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AT&T goes big on another fixed wireless 5G trial

AT&T Office (2)

AT&T has made a play to launch itself to the top of the wireless standings with a new trial in Austin where the team hope to deliver speeds up to 1 gigabit per second using mmWave spectrum.

The trial will make use of Ericsson’s 5G RAN and the Intel 5G Mobile Trial Platform, with the team aiming participants will be able to stream premium live TV via DirecTV Now, all over a fixed wireless 5G signal. This trial follows up a previous one in Intel’s Austen office, where the trio tested the potential of 5G VoIP over the 15 GHz and 28 GHz spectrum bands, amongst other areas.

“The technology behind 5G is important. But it’s also about advancing social trends like mobile video streaming,” said Marachel Knight, SVP of Wireless Network Architecture and Design at AT&T.

“In Austin, we’re testing DirecTV Now over ultra-fast internet speeds at a variety of locations. The network of the future will help redefine what connectivity means to both consumers and businesses. This trial helps show that the new reality is coming fast.”

The success seemingly can’t come soon enough either. AT&T claims mobile traffic on its network has grown more than 250,000% since 2007, with video now taking up more than half of the total traffic. In fact, video traffic grew over 75% and smartphones drove almost 75% of data traffic in 2016. Those are some pretty significant numbers.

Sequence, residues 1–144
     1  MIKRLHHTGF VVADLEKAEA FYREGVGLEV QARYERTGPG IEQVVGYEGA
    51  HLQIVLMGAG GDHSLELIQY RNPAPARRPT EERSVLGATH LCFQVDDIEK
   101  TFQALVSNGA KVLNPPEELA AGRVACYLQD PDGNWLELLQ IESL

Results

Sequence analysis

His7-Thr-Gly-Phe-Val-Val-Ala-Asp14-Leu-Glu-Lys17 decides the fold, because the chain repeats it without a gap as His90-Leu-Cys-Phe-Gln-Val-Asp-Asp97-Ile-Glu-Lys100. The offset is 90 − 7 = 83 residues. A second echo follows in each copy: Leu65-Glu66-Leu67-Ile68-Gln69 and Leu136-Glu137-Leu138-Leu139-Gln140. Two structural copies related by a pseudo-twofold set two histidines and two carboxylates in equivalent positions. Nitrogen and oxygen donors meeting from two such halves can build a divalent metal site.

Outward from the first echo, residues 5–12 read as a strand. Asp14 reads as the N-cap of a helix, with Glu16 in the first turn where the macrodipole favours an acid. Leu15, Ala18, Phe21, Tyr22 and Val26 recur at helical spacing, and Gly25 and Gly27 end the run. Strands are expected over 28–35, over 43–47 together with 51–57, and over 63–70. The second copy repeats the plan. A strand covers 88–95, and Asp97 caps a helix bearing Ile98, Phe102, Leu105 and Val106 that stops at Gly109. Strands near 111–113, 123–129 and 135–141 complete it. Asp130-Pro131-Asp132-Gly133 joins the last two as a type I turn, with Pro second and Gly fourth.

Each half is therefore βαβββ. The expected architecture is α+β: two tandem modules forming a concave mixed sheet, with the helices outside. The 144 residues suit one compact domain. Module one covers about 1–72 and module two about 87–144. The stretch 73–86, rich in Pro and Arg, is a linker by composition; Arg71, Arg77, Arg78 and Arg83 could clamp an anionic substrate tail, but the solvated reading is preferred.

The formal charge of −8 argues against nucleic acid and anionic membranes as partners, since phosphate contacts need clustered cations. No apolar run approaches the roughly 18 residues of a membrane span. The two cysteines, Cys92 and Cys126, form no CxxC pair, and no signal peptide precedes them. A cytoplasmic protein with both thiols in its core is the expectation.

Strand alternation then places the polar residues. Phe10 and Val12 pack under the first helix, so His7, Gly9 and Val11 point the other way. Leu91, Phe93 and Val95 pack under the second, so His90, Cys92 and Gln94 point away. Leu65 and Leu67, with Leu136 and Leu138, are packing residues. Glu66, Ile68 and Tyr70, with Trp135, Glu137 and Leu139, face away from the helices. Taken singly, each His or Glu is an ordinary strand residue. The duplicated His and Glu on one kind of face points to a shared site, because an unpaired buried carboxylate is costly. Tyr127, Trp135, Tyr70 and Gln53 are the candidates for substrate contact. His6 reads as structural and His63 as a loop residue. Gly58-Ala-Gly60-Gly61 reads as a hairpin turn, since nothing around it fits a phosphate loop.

While this trial will last a couple of months, work elsewhere will obviously not stop. This also includes the teams investigation into the role of software-defined networks, an area of the telco world which has seemingly gone quiet recently. Part of this work will look into an experiment with new virtualized-RAN core network capabilities.

If 5G is the first evolution to be ‘born in the cloud’, there is still a lot of work to be done on the virtualization front. Earlier this month, AT&T claimed to have 34% of network functions already software defined, though the team anticipate this number will be closer to 55% by the end of the year. One of the larger ambitions is to have 75% of traffic on its software-defined network by 2020.

If the demands of customers, or the potential of cloud-centric applications are to be met, just having chips, devices and equipment won’t be enough; a software-defined network will be critical. Perhaps it’s nice to see that there are still some operators out there who are happy to talk about the less sexy side of the flirtatious telecommunications industry.

It’s ambitions are big, but this could put AT&T in a solid position in the 5G market.

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